Traverse City Record-Eagle

Food

August 23, 2012

'Locally Grown' recipes

SLOW-ROASTED HEIRLOOM TOMATOES

We have been making this recipe since we began growing heirloom tomatoes. At the first sign of fall or a cool day, this is the first recipe we turn to.-- Dave Dyrek, owner of Leaning Shed Farm in Berrien Springs, Mich.

1 c. plus 3 T. olive oil, divided

15 heirloom tomatoes

3ˆ'4 cloves garlic

A few sprigs fresh oregano or thyme

1ˆ'3 T. balsamic vinegar

1ˆ'3 T. kosher salt

1ˆ'3 T. sugar

Line a rimmed baking sheet with foil. Pour 3 tablespoons of the oil in the pan. Cut the tomatoes in half and place them into the pan and gently toss them in the oil. Arrange them in a single layer and turn cut sides up.

Thinly slice the garlic cloves and scatter them over the tomato halves. Sprinkle with the oregano, vinegar, salt, and sugar. Pour the remaining oil over the tomatoes.

Bake on the center of the oven at 350°F for 3 hours. Serve warm as a side dish or on slices of baguette as an appetizer.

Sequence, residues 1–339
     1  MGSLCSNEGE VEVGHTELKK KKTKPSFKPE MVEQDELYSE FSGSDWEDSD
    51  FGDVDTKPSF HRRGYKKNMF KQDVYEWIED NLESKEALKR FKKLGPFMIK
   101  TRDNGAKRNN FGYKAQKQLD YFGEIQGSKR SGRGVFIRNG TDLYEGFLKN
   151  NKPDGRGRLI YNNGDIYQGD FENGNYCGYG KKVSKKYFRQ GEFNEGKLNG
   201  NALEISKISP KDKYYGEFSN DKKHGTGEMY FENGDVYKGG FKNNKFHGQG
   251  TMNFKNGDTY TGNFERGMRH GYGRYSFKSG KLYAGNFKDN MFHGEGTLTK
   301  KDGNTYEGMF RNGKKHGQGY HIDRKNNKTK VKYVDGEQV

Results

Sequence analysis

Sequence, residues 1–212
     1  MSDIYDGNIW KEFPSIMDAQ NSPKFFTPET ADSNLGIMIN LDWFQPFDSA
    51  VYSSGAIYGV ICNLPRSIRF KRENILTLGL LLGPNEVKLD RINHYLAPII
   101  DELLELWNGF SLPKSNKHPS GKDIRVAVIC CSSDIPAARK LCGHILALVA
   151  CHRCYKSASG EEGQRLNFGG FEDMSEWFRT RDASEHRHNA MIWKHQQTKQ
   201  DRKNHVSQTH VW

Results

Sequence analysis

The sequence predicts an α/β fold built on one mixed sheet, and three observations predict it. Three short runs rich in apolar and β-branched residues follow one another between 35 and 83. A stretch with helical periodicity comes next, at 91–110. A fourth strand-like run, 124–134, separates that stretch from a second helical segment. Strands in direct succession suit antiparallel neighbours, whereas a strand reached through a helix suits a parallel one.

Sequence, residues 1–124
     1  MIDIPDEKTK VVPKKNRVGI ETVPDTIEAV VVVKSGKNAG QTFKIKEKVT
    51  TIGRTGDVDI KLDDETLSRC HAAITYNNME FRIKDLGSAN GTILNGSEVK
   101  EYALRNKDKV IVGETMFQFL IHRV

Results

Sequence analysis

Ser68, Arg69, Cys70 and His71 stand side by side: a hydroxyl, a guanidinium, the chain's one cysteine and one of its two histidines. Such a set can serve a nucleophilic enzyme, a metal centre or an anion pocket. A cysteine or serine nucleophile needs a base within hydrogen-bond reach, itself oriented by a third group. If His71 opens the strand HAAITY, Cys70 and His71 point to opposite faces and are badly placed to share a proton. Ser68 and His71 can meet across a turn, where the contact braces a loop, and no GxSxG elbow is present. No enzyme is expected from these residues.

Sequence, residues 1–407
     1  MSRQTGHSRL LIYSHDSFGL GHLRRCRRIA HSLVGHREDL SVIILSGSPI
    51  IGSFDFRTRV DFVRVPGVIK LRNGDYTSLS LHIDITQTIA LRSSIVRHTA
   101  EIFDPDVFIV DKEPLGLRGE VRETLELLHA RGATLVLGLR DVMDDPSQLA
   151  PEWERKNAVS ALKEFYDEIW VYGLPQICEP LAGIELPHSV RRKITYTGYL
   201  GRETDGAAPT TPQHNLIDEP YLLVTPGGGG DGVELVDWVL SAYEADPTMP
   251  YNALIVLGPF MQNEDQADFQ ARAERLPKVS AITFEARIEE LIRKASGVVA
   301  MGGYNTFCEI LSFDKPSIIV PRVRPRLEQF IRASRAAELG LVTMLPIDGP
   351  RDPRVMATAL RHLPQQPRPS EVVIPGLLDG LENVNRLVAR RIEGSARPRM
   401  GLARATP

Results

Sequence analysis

Store tomatoes, covered, in the refrigerator for up to 1 week or frozen for up 2 months; leftover oil can be refrigerated and used for vinaigrettes.

HEIRLOOM TOMATO SALAD

By Sean Sanders, chef and owner of Browntrout, a restaurant in Chicago

4-6 servings

When Dave first started at the farmers' market, I walked in and the wind was blowing south and I could smell his tomatoes. That was one of the first things that drew me to Dave — the fact that I could smell his tomatoes from 30 feet away, and I said, "I gotta buy this guy's tomatoes." — Sean Sanders

Fresh cheese curds

Buttermilk

1 c. all-purpose flour

Coarsely ground sea salt

Pepper

1½ c. sourdough bread cubes (¼-inch cubes)

Mild extra-virgin olive oil

1 c. vegetable oil

2ˆ'3 lbs. heirloom tomatoes

Aged balsamic vinegar (choose one that is little thick and syrupy)

Fresh basil leaves, torn into ½-inch pieces

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